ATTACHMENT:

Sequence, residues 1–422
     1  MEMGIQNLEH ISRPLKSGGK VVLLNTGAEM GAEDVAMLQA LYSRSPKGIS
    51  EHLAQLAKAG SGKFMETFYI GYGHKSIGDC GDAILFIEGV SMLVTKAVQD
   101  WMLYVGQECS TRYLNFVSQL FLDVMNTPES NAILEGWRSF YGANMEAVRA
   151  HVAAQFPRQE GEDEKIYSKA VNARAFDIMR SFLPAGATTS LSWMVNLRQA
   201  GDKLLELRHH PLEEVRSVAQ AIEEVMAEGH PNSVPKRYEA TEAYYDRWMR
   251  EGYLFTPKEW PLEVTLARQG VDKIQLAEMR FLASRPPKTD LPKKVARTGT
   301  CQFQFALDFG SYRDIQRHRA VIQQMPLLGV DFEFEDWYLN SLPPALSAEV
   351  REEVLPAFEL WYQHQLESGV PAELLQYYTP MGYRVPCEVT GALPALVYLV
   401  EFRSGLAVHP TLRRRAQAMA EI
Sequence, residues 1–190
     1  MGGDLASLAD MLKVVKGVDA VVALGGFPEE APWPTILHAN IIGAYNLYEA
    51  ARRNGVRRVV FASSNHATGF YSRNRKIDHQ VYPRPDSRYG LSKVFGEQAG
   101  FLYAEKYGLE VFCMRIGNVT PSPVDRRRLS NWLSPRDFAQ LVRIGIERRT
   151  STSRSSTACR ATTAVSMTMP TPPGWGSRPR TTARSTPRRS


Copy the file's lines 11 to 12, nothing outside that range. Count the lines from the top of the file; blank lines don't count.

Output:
Sequence, residues 1–190
     1  MGGDLASLAD MLKVVKGVDA VVALGGFPEE APWPTILHAN IIGAYNLYEA